‘Push factors’

Those “push factors” could include social media being used to spread the word about coming to Canada, increases in gang violence in home countries like El Salvador, the tendency for Central American communities to influence each other’s migration patterns, and positive news of other migrants reaching Canada.

READ MORE: Asylum seekers get health-care benefits first, eligibility questions later

The government says it is continuing to monitor the situation closely and preparing for different possible scenarios this winter.

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“Intelligence reports provide useful information to help us understand these movements and potential future trends; however, we only know how many asylum claimants there are when they arrive,” said a statement issued by the office of Public Safety Minister Ralph Goodale.

Goodale’s office noted that following Haitian MP Emmanuel Dubourg’s trip to Miami last month, Liberal MP Pablo Rodriguez was in Los Angeles last weekend to meet with members of the Hispanic community, including members of the Salvadoran, Honduran and Nicaraguan diaspora.

WATCH: Goodale repeats that irregular crossing into Canada is no free ticket into the country

Click to play video: 'Ralph Goodale: An irregular crossing into Canada is no free ticket into the country'
Ralph Goodale: An irregular crossing into Canada is no free ticket into the country

Conservative immigration critic Michelle Rempel says that’s not enough.

“I think that there’s two things that the government needs to do in this situation that they have not been doing yet,” she said.

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Second, said Rempel, the government must do more to deter people from coming into Canada, in part by swiftly deporting failed asylum claimants to their country of origin. Currently, it can take months to determine if an asylum claim can even be made.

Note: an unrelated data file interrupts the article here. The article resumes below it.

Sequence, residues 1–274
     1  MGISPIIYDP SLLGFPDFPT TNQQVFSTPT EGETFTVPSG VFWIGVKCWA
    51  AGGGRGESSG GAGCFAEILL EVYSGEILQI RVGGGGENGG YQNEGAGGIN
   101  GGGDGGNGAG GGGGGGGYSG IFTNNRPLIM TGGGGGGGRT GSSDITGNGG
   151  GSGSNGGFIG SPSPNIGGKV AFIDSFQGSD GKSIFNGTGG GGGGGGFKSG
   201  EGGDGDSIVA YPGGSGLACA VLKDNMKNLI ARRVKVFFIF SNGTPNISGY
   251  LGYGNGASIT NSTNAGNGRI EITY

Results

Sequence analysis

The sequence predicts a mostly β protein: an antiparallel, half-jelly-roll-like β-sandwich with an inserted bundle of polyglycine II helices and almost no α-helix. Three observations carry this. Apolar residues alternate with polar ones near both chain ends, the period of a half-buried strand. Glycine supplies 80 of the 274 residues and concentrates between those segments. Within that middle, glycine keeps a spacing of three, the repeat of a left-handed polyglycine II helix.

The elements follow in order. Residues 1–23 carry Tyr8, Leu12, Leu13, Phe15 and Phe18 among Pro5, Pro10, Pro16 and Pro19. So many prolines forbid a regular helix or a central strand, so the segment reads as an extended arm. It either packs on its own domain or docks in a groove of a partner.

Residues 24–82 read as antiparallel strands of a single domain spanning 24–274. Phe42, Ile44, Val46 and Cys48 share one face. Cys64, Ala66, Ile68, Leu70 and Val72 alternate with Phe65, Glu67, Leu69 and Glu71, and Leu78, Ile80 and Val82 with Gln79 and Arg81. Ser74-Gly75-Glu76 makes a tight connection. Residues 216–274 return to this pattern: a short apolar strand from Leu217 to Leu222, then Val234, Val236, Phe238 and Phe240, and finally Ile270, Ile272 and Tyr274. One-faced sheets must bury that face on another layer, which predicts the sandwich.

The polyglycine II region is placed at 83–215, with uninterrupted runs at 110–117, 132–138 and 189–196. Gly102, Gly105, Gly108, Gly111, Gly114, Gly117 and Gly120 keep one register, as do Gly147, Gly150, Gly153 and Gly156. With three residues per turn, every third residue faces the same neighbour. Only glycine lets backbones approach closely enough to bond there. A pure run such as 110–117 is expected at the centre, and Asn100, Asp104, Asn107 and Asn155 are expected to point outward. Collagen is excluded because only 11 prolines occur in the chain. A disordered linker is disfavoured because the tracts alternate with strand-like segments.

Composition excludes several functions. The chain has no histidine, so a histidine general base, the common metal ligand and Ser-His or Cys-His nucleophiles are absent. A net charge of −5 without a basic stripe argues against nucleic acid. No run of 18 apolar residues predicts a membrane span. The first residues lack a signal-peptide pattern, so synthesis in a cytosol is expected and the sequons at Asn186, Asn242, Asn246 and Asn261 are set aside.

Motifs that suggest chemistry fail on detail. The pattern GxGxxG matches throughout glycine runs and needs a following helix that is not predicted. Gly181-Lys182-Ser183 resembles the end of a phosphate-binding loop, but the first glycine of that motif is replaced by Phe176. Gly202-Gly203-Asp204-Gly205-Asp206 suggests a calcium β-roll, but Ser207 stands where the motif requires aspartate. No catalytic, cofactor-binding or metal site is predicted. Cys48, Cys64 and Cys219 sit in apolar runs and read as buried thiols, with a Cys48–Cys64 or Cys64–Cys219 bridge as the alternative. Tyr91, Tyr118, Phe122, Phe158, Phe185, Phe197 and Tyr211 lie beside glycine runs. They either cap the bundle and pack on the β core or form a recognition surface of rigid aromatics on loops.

Rempel said Canadians are compassionate and open, but the asylum system needs to be perceived as fair and must support the world’s most vulnerable.

Avoiding deportation

The CBSA document also points out that Canada has granted some regions in Somalia, South Sudan, Syria, and Yemen an “Administrative Deferral of Removal,” which is similar to the American TPS. It prevents the Canadian government from deporting people back to those unstable areas, regardless of their immigration status.

READ MORE: Trudeau government fearful a massive refugee surge could hurt 2019 re-election campaign

A recent report from Reuters indicates deportations to dangerous zones are happening anyway, but the possible shelter of an Administrative Deferral of Removal is being considered another potential “push factor” by the CBSA.

“Obviously we do have some concern (for) the very near future,” said union president Fortin.

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“Since 2016, we’re seeing the results of the Conservative government’s (border staffing) cuts. That’s why we kept asking the government — the actual government, the Liberals — to overturn that decision.”

Fortin said that at the height of the crisis in August, border services agents were under “tremendous pressure to speed up the process” and that screening suffered as a result. Ottawa needs to learn from those mistakes, he added.

“Hopefully they will be speaking to (us) and also to the frontline officers that actually had to manage this crisis, because we don’t see a clear direction where right now the government is going with this.”